New Biotopes in the North Sea Wind Turbines Create Artificial Reef
A slew of non-native marine species have made their home on the Alpha Ventus wind turbines off the German coast in the North Sea. Scientists say the oysters and crabs, among others, have not affected the structures.
"Alpha Ventus," the first German wind park in the North Sea, has become home to a new biotope. On the foundations of the turbines, which began operating this spring, scientists have found oysters, crabs, sea anemones, and mussels.
"We have found animals there, that are not at all native to a sea area with fine sand," said Kristin Blasche, of the federal office for maritime navigation and hydography in Hamburg. "It is like an artificial reef, and has luckily not affected the structures at all."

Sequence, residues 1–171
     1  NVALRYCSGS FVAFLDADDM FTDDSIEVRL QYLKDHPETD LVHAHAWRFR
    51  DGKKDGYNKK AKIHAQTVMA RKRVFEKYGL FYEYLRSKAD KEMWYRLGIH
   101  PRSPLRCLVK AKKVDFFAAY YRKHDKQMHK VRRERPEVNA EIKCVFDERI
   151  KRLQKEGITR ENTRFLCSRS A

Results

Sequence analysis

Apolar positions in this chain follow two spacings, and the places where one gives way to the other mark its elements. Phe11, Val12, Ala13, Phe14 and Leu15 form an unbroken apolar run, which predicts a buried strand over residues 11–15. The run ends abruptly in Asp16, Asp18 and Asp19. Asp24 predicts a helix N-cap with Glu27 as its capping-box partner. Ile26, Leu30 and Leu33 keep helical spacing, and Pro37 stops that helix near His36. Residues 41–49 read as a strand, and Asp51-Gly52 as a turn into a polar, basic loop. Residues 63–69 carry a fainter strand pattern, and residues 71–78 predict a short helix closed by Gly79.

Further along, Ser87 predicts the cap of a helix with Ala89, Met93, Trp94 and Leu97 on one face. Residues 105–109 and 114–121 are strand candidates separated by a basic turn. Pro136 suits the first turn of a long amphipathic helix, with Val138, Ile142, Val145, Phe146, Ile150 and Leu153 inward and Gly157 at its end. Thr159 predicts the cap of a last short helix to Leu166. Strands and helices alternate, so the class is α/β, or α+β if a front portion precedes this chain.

The wind park, which is capable of providing 50,000 households with electricity, has been criticized by conservationists who fear its effects on migratory birds and sea mammals. The pile driving done for the foundations of the wind park created a lot of noise, which frightened away dolphins.
Blasche, an environmental scientist who coordinated the ecological research, said that once construction was completed, the dolphins returned to the area, which is about 45 kilometers (28 miles) north of the island of Borkum.
There are 12 turbines in the four-square-kilometer (1.5 miles) park. Earlier this summer, the park ran into trouble when shoddy building materials caused two turbines to overheat and fail. Four more turbines had to be replaced.
The Alpha Ventus park is Germany's first foray into offshore wind farms, and the German wind energy industry believes a quarter of Germany's energy demands can be met with wind power by the end of the decade. They plan to install approximately 1,600 wind turbines off of the German coast, more than any other European country.
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